A few months later, I finally got the courage to write out a business plan and figure out what I needed to get started. After working through the financials, I realized it would take about a year for me to save up the money. I built out a whole plan for working extra hours at our community hospital on the weekends in order to make this dream a reality. I shared this with my then boyfriend, now husband, at our kitchen table through quite a few ugly tears. He looked at me and asked, “Is the money the only thing that’s keeping you from starting your own practice tomorrow?” I explained that that was the majority of the issue and the fact that I needed to find a space to actually call my office. He calmly replied, “Then I’ll write you the check tonight for the full amount.” I could barely contain the tears at this point and asked him, “but what if I fail?” His response, “You and I both know that’s not possible. You’re too strong to fail and too many patients have been asking you to do this. They need you.” Eight weeks, later I signed a year long lease – eek! – filled with equal parts fear and excitement. I’m proud to say it’s been four and a half years since I made that leap into the unknown, and I’m so grateful for the support from my patients and husband who all had faith in me before I had faith in myself.

We’d love to hear more about your business.
I empower people to believe in themselves through movement, regardless of age or ability. As a physical therapist, I help people understand the way movement is created within their body, and how movement connects us to others and the world.

The mind body connection is so important at Pieton Physical Therapy. I talk about this concept a lot with my patients and work together with them to support their whole system in order to reach their movement goals. I specialize in helping people optimize their health and wellness so that they can enjoy the most out of each day, whether that’s playing out on a sports field with their teammates, training for their half marathon, being able to play in the backyard with their little ones, and everything else in between.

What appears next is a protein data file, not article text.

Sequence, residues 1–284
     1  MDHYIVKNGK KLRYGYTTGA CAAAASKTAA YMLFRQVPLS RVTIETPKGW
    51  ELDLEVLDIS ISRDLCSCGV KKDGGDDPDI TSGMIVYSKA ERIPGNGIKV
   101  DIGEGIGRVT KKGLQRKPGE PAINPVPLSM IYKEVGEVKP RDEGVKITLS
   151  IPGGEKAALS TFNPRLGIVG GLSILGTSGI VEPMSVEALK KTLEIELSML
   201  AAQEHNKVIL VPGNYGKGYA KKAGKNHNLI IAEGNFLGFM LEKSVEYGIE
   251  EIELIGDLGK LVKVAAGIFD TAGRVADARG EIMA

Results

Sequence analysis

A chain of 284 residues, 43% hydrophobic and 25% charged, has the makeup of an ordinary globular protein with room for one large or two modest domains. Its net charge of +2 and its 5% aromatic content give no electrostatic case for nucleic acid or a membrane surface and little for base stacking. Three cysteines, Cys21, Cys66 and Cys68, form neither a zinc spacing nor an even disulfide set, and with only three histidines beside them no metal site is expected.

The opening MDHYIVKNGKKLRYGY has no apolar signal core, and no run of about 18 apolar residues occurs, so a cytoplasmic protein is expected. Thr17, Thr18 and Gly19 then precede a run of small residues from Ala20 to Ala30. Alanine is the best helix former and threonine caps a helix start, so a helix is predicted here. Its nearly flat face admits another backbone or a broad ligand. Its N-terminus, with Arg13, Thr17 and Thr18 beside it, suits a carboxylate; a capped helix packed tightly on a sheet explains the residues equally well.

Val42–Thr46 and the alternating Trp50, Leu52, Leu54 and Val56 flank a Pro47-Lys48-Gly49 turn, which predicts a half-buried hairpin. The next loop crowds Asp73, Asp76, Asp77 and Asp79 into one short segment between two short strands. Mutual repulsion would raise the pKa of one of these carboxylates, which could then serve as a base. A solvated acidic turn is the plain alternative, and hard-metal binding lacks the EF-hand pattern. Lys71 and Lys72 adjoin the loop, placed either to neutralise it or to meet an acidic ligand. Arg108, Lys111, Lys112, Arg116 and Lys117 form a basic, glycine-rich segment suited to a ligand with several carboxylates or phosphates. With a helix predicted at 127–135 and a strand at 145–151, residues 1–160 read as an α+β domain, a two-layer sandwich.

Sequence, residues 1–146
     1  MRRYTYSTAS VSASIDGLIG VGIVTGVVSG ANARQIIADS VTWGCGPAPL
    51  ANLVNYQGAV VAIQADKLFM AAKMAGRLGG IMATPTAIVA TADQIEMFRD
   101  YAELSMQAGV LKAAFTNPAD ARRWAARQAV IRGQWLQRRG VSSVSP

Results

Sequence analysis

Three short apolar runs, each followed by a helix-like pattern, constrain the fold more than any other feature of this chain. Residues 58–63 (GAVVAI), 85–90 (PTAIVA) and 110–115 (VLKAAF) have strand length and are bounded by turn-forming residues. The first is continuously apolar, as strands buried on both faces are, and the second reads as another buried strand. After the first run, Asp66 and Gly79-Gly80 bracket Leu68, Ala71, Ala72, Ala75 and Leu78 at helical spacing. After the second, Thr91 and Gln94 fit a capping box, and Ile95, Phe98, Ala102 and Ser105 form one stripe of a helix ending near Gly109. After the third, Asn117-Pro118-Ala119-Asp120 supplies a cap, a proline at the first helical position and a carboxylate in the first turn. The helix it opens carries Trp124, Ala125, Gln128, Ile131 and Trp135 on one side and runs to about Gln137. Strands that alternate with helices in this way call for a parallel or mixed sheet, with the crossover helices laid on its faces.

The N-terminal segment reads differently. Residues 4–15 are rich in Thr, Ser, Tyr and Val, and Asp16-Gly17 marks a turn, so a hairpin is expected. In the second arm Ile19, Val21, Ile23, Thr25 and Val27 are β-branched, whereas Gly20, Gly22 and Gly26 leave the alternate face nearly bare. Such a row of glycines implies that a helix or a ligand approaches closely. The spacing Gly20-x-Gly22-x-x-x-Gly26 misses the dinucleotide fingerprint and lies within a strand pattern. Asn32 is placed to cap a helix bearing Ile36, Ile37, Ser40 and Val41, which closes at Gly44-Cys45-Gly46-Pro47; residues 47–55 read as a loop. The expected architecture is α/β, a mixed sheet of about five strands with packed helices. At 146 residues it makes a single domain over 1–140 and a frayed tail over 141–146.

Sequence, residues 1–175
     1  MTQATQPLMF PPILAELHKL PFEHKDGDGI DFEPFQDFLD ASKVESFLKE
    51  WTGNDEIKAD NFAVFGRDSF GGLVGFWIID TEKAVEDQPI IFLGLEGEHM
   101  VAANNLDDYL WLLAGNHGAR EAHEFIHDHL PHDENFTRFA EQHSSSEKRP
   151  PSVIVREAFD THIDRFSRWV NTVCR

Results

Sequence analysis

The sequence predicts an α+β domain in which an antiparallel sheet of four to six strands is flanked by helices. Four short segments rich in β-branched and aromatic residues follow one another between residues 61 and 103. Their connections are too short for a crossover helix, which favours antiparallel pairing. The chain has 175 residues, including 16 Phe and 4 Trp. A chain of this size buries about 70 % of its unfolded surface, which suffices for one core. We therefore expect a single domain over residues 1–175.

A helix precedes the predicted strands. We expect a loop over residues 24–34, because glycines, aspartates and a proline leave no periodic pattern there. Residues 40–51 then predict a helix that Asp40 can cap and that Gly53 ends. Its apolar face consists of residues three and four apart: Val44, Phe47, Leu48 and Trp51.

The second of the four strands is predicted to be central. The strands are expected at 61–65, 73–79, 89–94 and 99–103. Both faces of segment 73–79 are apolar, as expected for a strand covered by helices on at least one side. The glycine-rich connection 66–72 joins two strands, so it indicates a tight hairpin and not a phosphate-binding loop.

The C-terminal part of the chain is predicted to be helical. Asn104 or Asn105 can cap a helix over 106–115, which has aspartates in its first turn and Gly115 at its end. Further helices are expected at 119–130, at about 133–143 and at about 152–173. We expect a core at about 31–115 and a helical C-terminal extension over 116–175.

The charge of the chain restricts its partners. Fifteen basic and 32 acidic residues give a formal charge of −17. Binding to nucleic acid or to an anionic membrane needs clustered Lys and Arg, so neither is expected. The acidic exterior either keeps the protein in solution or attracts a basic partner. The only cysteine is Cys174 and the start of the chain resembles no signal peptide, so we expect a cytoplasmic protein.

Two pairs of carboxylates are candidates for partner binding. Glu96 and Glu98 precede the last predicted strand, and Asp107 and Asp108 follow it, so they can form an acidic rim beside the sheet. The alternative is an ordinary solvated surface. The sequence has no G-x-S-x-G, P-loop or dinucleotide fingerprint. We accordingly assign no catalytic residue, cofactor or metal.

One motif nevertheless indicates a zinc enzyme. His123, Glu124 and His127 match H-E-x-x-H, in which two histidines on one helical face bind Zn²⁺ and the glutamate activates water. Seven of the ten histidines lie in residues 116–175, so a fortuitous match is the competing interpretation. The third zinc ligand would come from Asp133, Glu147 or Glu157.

My areas of clinical specialty include orthopedic, sport-specific, and women’s pelvic health. I don’t see these areas as separate, but rather as a collective area of specialty. In the last few years, I have shifted my focus towards women’s health. Women need and deserve specialized support throughout their lifespan for all the unique changes that they go through, especially during adolescents, the prenatal and postpartum periods, and beyond. Many women suffer from pelvic health conditions that prevent them from living their fullest lives. This includes but is not limited to: pelvic pain and discomfort with daily activities and fitness routines, urinary and fecal incontinence, and pain with sex. Many people, including other healthcare professionals, are unaware that pelvic health is a specialty of physical therapy and that we are trained to help support individuals overcome these challenges. It is an honor and a privilege to support my patients in this way, and I feel grateful to serve as fellow advocate for their health and wellness.

What were you like growing up?
I grew up a total book worm who loved learning and exploring the world around me. I’m proud to say, even now in my early 30’s, that’s still true! Growing up, I was always on the go: climbing trees, swimming in the pool/ocean, riding my bike around the neighborhood, etc… I still enjoy all of these activities and feel most alive when I’m out in nature. Even now, I will never pass up an opportunity to shimmy up a good tree to enjoy the view.

My love for learning has always been constant, especially about all things science and human anatomy related. There are two points in my life that stand out about where my love for such interests came from. One was when I was around seven years old and my dad gifted me a wooden skeleton kit. I got to build the skeleton piece by piece and was immediately fascinated with all the intricate details of the ribcage and counting all the bones. My mom still has this skeleton model, ha! He is affectionately referred to as “Hugh The Human”. Second, was when I had to take physiology for 8th-grade science. It was my favorite class and planted the seed that I wanted to go into the medical field one day when I grew up. I’m proud to say I’ve always been a science nerd.

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Image Credit:
Joceyln Molina of Joceyln Molina Photography